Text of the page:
The ready-reckoner table is a table that shows the number of points for different combinations of vibration magnitude and exposure duration. To use these tools, follow these steps:
Here are some examples of what that might look like in an actual business case:
A carpenter uses a circular saw, a hammer drill, and a sander for different tasks in a day. The manufacturer’s data for these tools are as follows: circular saw: 4 m/s², hammer drill: 15 m/s², sander: 2.5 m/s². The carpenter uses each tool for 30 minutes in a day. To calculate HAV exposure, follow these steps:
A gardener uses a hedge trimmer, a leaf blower, and a lawn mower for different tasks in a day. The gardener does not have any manufacturer’s data or vibration meter for these tools, so he uses an online tool like the HSE vibration calculator to estimate the vibration magnitude and exposure duration.
The online tool gives him these results: hedge trimmer: 5 m/s², 15 minutes; leaf blower: 3 m/s², 45 minutes; lawn mower: 2 m/s², 60 minutes. To calculate HAV exposure, follow these steps:
Some actions that employers and workers can take to reduce HAV exposure are:
HAVS claims are compensation claims made by workers who may or may not have developed HAVS as a result of their work.
At spacebands we regularly speak with companies that have had to pay out on fraudulent HAVS claims because even if an employee hasn't been over-exposed to hand-arm vibration, it's hard to prove in a court of law.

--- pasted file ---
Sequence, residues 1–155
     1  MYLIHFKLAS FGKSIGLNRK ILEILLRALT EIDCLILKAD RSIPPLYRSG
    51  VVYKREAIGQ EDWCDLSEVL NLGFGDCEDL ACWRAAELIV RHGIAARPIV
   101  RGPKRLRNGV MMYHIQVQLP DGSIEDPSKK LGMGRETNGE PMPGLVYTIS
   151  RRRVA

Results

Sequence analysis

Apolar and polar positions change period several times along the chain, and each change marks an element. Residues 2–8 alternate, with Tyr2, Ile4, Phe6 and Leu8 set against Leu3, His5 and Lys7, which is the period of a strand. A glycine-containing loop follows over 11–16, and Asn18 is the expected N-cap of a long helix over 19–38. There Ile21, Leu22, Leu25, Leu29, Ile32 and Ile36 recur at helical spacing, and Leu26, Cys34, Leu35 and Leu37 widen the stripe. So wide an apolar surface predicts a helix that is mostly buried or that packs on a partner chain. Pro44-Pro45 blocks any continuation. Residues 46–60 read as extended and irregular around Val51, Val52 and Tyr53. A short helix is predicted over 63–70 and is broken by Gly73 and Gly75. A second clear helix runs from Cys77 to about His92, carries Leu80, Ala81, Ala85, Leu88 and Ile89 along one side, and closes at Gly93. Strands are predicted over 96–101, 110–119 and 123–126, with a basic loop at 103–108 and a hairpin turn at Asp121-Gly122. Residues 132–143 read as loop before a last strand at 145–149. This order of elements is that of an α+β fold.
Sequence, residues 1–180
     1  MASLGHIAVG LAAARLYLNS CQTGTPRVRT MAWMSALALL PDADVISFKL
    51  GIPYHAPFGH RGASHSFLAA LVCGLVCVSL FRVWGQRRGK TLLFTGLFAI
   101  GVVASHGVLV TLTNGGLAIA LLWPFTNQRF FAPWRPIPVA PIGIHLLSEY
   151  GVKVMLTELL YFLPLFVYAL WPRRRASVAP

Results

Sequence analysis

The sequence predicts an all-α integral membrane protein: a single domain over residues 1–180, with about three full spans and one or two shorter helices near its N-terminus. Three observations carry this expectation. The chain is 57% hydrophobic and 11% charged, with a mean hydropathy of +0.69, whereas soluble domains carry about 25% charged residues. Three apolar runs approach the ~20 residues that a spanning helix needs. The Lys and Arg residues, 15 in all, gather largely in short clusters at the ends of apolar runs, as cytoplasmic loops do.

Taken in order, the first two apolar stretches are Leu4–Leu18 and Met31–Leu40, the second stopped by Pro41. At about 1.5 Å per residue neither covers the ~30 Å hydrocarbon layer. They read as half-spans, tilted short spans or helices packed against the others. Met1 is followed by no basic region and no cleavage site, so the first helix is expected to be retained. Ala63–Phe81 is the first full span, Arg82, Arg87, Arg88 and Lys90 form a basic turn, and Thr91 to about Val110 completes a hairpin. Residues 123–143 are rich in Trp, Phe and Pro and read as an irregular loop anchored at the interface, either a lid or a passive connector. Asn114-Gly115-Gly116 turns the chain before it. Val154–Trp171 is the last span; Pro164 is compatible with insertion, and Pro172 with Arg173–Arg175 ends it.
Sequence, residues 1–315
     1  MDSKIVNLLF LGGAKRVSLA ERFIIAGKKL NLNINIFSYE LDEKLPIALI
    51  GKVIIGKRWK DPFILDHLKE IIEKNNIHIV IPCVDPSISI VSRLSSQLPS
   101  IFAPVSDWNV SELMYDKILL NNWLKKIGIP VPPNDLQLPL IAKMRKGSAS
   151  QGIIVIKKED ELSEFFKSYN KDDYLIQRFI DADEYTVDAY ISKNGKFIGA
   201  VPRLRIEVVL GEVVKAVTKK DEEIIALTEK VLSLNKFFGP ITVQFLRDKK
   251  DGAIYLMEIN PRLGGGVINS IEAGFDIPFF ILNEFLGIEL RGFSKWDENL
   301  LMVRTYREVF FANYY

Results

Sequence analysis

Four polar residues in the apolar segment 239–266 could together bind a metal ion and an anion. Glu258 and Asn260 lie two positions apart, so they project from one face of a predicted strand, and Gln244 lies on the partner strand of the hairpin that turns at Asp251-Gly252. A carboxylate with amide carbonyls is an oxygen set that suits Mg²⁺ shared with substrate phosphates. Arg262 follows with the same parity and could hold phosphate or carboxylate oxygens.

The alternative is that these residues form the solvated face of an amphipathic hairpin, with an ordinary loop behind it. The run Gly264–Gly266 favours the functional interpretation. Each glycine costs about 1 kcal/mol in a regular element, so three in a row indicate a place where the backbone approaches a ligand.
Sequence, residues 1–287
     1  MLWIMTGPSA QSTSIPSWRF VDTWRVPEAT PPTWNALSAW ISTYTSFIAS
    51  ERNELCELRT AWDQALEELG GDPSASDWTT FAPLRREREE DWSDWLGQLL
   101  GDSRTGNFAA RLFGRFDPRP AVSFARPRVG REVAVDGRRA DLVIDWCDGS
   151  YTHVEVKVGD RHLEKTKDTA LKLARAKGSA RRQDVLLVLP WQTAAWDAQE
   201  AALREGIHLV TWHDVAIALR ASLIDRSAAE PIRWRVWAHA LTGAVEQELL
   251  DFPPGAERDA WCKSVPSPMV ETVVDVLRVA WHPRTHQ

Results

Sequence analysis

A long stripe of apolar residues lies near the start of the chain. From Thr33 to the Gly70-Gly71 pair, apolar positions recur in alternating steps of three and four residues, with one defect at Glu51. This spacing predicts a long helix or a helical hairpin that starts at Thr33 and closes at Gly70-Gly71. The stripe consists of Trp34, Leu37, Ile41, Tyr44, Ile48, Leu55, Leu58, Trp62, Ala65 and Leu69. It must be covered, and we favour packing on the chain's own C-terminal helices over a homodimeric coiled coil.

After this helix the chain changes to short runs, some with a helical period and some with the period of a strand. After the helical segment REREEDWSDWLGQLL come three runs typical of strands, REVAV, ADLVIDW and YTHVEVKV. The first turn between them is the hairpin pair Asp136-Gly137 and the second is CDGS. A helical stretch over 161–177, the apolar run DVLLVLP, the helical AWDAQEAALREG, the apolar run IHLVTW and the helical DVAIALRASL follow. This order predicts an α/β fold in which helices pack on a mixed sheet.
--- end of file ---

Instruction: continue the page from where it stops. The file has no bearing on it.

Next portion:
spacebands' HAV feature records information on HAV exposure and saves the information to an analytics dashboard, giving companies a record of exposure, or lack thereof, to protect themselves against fraudulent claims.
These claims can be costly and damaging for employers, as they may have to pay for medical expenses, loss of earnings, pain and suffering, and legal fees.
Moreover, HAVS claims can also harm the reputation and productivity of the company, as they may indicate a lack of care and responsibility for worker health and safety.
To avoid or minimise the risk of HAVS claims, employers should follow the guidelines provided by the Health and Safety Executive (HSE), which is the authority responsible for enforcing the Control of Vibration at Work Regulations 2005. Some of the key guidelines are:
By following these guidelines, employers can protect their company from HAVS claims by demonstrating that they have taken reasonable steps to prevent or control HAV exposure in accordance with the law.
However, if a worker does make a claim for HAVS compensation against their employer, it is advisable for employers to seek legal advice from a solicitor who specialises in industrial disease claims.
A solicitor can help employers understand their rights and obligations under the law, assess the validity and value of the claim, negotiate a settlement or defend a court case if necessary.
A solicitor can also help employers avoid making any mistakes or admissions that could jeopardise their position or increase their liability.